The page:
Perhaps the way to start getting creative is to get some of the basics correct. None of the Stay Healthy Streets that are open for walking and cycling actually connect to the open Cafe Streets. This is due to the Stay Healthy Streets running primarily through lower density neighborhoods and restaurants being confined along arterials. Extending Stay Healthy Streets to the open streets would be a very basic and straightforward connection to make. The 130 miles of open streets Seattle Neighborhoods Greenways proposed (and which The Urbanist endorsed) would help address this.

The Columbia Street Neighborhood Greenway in Central Seattle has been selected as a Stay Healthy Street. (Photo by *)

The city can also be proactive. Given the number of food trucks that are not getting lunchtime business in South Lake Union, the city could identify and expedite permitting for places along Stay Healthy Streets for these small businesses to operate and safely distance. Encourage a mid-year Park(ing) Day, that takes over parking spaces with well designed and safe parklets more than just mid-September. Don’t just tell us that there are 151 restaurants that are operating outside, build on Eater Seattle’s list and produce a map. Do the kind of marketing stuff that the city usually does, with an eye towards safety of employees and residents.

And, of course, completely and finally pedestrianize Pike Place Market. 

Street cafe on a narrowed but not closed Pike Place. (Photo by Doug Trumm)

Not all of this is in the Mayor’s court. District 6 Councilmember Dan Strauss, early proponent of open streets, supports going beyond October 2021. “Café Streets should be a permanent feature in Seattle. Today’s extension is another step in that direction–to test what works and what doesn’t work for businesses, neighborhoods, and people over the next year.” The City Council has its own authority through the budget and zoning to correct some of these gaps and can take a lot of steps to make these novelties into a cornerstone of our recovery.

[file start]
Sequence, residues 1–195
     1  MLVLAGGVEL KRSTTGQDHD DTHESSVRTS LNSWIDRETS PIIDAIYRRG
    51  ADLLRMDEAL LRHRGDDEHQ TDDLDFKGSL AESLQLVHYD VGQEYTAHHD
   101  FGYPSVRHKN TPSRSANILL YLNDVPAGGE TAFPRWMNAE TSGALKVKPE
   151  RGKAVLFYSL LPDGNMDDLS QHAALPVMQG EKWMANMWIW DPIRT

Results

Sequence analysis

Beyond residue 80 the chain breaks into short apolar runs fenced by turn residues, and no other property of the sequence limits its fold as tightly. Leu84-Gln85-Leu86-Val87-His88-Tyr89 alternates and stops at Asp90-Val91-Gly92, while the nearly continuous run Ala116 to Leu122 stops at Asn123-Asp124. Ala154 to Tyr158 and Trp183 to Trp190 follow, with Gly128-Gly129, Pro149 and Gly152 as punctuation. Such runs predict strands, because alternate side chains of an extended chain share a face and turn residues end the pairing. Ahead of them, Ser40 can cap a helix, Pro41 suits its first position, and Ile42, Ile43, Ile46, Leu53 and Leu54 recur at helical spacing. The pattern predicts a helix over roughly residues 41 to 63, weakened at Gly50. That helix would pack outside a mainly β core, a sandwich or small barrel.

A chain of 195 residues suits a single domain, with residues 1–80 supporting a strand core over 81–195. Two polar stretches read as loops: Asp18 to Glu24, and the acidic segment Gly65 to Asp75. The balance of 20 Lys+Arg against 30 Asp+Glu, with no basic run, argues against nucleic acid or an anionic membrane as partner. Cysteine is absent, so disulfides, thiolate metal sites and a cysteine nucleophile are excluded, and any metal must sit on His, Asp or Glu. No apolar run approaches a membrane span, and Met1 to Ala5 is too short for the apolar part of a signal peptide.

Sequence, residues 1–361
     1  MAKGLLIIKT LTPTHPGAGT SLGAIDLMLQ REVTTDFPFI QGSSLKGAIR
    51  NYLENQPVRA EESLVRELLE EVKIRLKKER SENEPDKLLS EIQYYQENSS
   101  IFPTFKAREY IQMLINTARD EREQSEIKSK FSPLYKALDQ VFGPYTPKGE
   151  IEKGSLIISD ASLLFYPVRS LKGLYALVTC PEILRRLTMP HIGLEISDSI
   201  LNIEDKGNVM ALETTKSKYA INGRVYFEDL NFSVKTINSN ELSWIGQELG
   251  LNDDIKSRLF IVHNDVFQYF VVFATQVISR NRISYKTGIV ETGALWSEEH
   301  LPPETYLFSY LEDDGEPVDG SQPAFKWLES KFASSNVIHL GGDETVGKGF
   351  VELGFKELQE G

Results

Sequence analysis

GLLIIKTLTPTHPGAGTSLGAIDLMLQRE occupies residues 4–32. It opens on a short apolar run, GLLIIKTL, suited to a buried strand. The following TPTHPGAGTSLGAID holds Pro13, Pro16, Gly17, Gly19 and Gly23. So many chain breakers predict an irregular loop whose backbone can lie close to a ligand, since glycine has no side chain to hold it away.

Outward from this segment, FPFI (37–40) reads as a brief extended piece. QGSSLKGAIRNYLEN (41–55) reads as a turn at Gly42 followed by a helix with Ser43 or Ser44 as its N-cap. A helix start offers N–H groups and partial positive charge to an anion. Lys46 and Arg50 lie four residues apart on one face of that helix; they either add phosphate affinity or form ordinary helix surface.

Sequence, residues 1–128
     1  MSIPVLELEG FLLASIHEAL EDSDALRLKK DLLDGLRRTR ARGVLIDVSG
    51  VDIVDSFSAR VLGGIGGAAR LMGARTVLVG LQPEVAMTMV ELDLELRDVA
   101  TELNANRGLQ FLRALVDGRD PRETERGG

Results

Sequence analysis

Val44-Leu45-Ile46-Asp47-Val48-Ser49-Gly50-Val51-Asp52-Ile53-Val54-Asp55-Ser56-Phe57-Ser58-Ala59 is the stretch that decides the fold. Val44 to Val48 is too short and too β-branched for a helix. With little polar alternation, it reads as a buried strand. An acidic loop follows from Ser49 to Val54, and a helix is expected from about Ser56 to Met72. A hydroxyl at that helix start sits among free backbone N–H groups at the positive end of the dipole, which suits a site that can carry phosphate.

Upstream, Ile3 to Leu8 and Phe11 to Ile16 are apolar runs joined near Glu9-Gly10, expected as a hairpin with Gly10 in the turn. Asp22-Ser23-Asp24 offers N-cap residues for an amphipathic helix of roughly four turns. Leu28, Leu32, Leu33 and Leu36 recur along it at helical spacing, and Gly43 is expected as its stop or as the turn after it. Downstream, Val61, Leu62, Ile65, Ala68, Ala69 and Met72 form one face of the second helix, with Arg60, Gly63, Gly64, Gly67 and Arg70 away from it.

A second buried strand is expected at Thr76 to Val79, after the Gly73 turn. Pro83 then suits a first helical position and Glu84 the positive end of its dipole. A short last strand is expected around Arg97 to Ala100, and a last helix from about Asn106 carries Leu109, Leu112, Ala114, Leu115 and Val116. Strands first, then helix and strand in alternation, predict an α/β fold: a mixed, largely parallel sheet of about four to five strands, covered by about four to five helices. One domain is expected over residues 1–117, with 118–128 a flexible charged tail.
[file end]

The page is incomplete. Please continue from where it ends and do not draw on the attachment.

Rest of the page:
Here is the balance to be struck. King County’s Covid activity numbers are low, but not flat. People are reasonably concerned about more reopening. There is a perception that any activity bringing people together will necessarily bring a lot of people together. Opening restaurants and shops can feel frivolous while being a mega-attraction. Outbreaks like UW’s Greek Row does not help that perception.

However, steps that make open streets, cafe streets, and safe streets part of the permanent context of our city are also steps that show these are not extravagant. It’s wholly reasonable to be able to enjoy a meal outside and we could have been doing it well before a pandemic. We deserve a nice, walkable city with good places to eat and shop. If we have more of them, outside, all the sudden they aren’t crowded. Making open streets basic, boring, and permanent may be the most creative new policy.

Article Author

Ray Dubicki is a stay-at-home dad and parent-on-call for taking care of general school and neighborhood tasks around Ballard. This lets him see how urbanism works (or doesn’t) during the hours most people are locked in their office. He is an attorney and urbanist by training, with soup-to-nuts planning experience from code enforcement to university development to writing zoning ordinances. He enjoys using PowerPoint, but only because it’s no longer a weekly obligation.